Causes of Uneven Wear

Friction naturally wears the guide bar’s rail where it contacts the chain. Debris buildup accelerates local wear. Running a loose chain exacerbates issues on one side.

How Uneven Wear Affects Cutting

Wear reduces rail thickness and the bar groove depth. This allows increased side-to-side chain movement and flexing during cutting. The chain eventually tracks to the worn area and makes angled cuts.

Replacing or Maintaining the Guide Bar

Inspect bars regularly, especially the underside. Replace excessively worn bars for optimal function. Lubricate and clean the bar to reduce friction. File down burrs or flat spots. Consider side-to-side rail swap or bar reversal to distribute wear.

Chain Tension Issues

Proper chain tension prevents many cutting issues:

Proper Chain Tension

Check tension frequently since chains stretch over time. The chain should seat snugly in the bar groove but still pull freely by hand. About a dime’s thickness of slack beneath the drive links works for most saws.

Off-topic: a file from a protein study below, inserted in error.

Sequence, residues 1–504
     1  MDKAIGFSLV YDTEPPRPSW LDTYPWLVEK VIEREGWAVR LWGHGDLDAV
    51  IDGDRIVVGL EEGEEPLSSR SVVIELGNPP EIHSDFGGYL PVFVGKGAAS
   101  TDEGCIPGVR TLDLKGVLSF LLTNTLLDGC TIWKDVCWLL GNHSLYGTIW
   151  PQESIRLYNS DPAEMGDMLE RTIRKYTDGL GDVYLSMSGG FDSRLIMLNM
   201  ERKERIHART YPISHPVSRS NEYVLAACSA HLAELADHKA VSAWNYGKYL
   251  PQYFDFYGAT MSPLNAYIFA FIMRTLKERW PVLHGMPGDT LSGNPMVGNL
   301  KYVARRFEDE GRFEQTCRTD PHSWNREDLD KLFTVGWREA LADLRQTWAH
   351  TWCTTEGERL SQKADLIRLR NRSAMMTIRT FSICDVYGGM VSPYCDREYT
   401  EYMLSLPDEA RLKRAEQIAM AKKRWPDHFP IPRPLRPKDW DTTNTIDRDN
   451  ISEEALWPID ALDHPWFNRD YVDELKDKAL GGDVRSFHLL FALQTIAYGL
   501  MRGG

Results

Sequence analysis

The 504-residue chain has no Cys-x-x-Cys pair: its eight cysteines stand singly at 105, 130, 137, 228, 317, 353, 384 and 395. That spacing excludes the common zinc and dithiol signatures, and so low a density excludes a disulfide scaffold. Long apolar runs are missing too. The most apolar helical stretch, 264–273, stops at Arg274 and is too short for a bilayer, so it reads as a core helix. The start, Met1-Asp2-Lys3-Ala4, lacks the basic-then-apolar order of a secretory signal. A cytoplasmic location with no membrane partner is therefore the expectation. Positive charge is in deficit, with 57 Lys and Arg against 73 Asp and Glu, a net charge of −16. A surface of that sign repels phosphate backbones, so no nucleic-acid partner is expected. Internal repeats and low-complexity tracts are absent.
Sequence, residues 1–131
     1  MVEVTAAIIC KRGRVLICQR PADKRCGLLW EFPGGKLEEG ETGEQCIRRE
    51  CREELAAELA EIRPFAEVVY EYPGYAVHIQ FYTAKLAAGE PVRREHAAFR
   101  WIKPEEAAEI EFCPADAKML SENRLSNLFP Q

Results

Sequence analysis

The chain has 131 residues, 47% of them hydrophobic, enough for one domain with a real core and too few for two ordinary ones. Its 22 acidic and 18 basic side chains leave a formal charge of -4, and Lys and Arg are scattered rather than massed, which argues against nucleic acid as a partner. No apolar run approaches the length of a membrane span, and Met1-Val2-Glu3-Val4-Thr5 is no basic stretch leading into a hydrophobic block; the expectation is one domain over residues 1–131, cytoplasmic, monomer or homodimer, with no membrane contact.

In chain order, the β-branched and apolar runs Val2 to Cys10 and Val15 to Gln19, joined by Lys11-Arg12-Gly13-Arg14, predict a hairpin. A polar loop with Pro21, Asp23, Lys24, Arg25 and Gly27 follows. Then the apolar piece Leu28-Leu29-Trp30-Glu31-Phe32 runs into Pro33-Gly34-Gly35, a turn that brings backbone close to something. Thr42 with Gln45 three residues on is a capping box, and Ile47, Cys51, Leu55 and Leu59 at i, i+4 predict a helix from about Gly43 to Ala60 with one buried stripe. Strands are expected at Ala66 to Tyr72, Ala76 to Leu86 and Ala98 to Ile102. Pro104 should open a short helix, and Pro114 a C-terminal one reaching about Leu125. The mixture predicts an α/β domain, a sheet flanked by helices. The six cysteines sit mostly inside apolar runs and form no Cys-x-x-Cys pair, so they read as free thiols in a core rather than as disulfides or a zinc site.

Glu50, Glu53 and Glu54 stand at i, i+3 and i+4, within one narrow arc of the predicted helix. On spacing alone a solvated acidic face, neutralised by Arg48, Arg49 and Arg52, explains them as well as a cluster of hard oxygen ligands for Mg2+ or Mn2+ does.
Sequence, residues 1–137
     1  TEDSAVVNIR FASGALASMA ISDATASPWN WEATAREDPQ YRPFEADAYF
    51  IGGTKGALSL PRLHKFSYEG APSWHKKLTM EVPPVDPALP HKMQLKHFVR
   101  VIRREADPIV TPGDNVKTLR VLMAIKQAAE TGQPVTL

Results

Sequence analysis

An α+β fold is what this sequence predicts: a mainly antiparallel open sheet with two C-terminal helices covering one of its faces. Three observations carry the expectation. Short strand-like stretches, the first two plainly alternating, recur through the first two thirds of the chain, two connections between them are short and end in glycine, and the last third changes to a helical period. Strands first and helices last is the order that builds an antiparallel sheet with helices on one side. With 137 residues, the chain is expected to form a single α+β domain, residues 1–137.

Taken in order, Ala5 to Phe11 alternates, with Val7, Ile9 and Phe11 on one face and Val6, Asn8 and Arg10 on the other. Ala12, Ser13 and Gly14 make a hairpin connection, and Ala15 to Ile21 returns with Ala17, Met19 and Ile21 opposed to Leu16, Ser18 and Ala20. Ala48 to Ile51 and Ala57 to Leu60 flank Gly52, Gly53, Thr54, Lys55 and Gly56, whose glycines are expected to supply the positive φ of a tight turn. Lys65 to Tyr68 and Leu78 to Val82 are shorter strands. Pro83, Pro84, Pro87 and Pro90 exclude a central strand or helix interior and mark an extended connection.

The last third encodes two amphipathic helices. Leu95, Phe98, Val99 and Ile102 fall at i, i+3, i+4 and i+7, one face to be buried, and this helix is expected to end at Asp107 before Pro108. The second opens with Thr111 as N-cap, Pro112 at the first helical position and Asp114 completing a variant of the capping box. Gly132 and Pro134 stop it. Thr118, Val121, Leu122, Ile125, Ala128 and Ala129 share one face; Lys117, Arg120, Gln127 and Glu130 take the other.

How Tension Affects Cutting

Loose chains wander in the bar groove, causing crooked cuts. Overly tight chains drag and strain the bar, engine and cutter components. Either under or over tensioning reduces control.

Adjusting Chain Tension

First check the owner’s manual for model-specific steps since adjustment methods vary. Typically loosening bar nuts allows tweaking tension by turning the tensioning screw. Tighten nuts and recheck pull-by-hand tension.

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Why is my chainsaw pulling to one side while cutting?

A dull or damaged chain with uneven tooth sharpness can cause the saw to veer as it works too hard cutting. Binding and kickback risks go up. Also inspect the guide bar for uneven rail/groove wear which leads to chain drift.

How do I know if my chainsaw oiler is working?